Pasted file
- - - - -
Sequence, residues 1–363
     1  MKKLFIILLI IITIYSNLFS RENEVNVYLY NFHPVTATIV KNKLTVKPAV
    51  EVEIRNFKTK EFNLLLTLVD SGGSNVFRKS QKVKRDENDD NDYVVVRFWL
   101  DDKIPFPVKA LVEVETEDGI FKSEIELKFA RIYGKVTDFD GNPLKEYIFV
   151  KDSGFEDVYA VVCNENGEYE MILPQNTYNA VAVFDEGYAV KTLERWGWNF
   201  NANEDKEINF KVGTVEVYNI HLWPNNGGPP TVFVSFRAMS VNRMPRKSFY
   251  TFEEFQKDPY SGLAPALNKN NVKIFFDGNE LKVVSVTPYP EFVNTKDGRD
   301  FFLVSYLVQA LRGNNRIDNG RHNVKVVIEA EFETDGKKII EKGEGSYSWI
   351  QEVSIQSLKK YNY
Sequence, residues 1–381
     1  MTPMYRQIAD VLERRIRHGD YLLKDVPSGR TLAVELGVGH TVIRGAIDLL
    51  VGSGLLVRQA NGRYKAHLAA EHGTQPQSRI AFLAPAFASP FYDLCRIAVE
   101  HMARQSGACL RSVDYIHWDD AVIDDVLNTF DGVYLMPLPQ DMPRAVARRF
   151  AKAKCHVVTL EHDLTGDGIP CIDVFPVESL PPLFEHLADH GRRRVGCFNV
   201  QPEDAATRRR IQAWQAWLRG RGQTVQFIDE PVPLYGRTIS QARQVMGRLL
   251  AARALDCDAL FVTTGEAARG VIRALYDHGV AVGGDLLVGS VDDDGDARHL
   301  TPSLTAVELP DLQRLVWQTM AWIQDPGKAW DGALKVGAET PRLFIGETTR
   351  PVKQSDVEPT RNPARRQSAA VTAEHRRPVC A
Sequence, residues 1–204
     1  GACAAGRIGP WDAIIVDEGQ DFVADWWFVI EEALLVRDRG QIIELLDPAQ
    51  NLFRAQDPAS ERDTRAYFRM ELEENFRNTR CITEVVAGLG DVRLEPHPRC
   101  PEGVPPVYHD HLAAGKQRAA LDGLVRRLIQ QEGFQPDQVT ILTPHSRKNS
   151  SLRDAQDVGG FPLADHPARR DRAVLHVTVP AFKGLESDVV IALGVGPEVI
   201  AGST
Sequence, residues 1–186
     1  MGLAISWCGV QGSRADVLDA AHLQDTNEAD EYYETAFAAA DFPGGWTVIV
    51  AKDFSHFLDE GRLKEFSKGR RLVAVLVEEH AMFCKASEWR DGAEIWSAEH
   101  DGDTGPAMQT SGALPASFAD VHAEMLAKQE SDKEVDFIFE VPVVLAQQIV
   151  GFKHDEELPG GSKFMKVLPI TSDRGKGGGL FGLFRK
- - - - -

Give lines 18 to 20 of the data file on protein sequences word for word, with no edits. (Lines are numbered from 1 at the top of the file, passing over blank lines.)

   351  PVKQSDVEPT RNPARRQSAA VTAEHRRPVC A
Sequence, residues 1–204
     1  GACAAGRIGP WDAIIVDEGQ DFVADWWFVI EEALLVRDRG QIIELLDPAQ